When creating Pickett the Bowtruckle, an animated skeleton wouldn't be all that beneficial. After all, the minuscule character doesn't move or even look like a human. This behind-the-scenes image from Fantastic Beasts and Where to Find Them shows us that Pickett was probably one of the final elements added into the scene. Even though the animation for Ron Perlman's Gnarlack still looks raw, it's far more detailed than that of the Bowtruckle in his hand.
In the back, we see that there was a physical set, as well as real actors. In all likelihood, there was a prop or person standing in for the character on set in order for the camera to know where to be. This person or prop was later taken out to allow the CGI team to work their magic.
4 Building The Erumpents
CGMeetUp was able to visually break down the process that the CGI workers had to go through for creating the Erumpents capture scene from Fantastic Beasts and Where to Find Them. In this behind-the-scenes image, we can see that the creature started off as a giant clay-looking blob that was void of color.
They needed to go through this process as it allowed them to accurately determine how the big creature would interact with the location, as well as how much space it would take up on screen. From there, they could add texture, color, and bounce the right lighting off of its skin. The whole process is quite taxing, but very rewarding for those who love to do it.
3 Making Day into Night
Sometimes, filmmakers have to shoot scenes in the day that will eventually take place at night. That seems to be the case for this scene from Fantastic Beasts and Where to Find Them when Newt and Jacob are attempting to capture the Erumpents. Although this scene is shot in a studio, it had to be lit as if it took place during the day. This allowed the CGI team more freedom to manipulate the environment in post-production.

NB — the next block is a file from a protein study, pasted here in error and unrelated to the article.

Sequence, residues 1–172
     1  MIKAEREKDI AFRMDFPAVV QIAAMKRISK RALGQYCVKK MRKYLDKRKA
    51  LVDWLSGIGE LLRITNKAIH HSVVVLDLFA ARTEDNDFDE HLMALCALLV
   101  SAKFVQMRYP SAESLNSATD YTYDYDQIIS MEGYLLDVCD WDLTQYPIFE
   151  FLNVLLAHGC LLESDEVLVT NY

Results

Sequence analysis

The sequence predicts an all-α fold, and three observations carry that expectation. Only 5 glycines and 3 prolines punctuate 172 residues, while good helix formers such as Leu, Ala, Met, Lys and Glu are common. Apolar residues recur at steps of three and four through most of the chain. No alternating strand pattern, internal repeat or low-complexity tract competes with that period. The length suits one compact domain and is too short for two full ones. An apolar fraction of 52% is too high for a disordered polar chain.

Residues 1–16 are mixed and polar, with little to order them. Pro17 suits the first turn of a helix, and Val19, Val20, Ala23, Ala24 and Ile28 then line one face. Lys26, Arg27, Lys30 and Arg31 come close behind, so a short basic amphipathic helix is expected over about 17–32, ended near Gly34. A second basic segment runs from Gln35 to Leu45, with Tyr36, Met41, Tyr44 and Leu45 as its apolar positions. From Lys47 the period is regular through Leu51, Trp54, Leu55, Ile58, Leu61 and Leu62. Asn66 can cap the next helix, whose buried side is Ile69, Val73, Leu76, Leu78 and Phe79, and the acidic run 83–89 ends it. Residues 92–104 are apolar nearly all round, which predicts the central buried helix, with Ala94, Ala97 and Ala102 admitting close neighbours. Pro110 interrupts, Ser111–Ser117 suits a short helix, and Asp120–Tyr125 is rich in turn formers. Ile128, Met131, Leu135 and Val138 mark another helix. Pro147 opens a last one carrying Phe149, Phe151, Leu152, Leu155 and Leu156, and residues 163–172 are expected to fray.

If the filmmakers decide to shoot something in the dark, it's far harder for the CGI geniuses to make something lighter if they need to. However, the opposite works well for them. Thanks to this behind-the-scenes photo, we gain a little insight into movie magic.
2 The Senator's Rally
Since a lot of Fantastic Beasts and Where to Find Them is about the possibility of exposure and thus a war between the Muggles (otherwise known as "No-Maj") and the Wizarding World, it was important to show both sides. One of the ways the filmmakers did this was focus on Senator Henry Shaw Jr., played by Josh Cowdrey.
In this behind-the-scenes photo, Senator Shaw addresses his adoring fans about the dangers the city faces. Instead of using a green screen, a set was constructed and a boatload of extras were trucked in and dressed up as 1920s citizens. The centerpiece has got to be the ginormous portrait of Shaw. Could you imagine what it would have been like for artists to spend hours painting the details of Cowdrey's face on a massive canvas?
1 Interacting With The Thunderbird
It takes a real actor to be able to authentically interact with a creature that's not really there. In this scene, Newt takes Jacob into his magical suitcase where he houses all of his magical creatures. This particular creature, a Thunderbird named Frank, had to be completely animated. Since Newt had to physically interact with it by rubbing its head, actor Eddie Redmayne needed something to touch.
A simple, make-shift head was created for Redmayne to interact with. The head of the Thunderbird also gave CGI artists a proper location and scale for the creature they needed to completely create. Small behind-the-scenes details such as this one are the reason why so many fans are fascinate by the making of the Fantastic Beasts movie.
Which Fantastic Beasts behind-the-scenes photo changes everything for you? Let us know in the comments!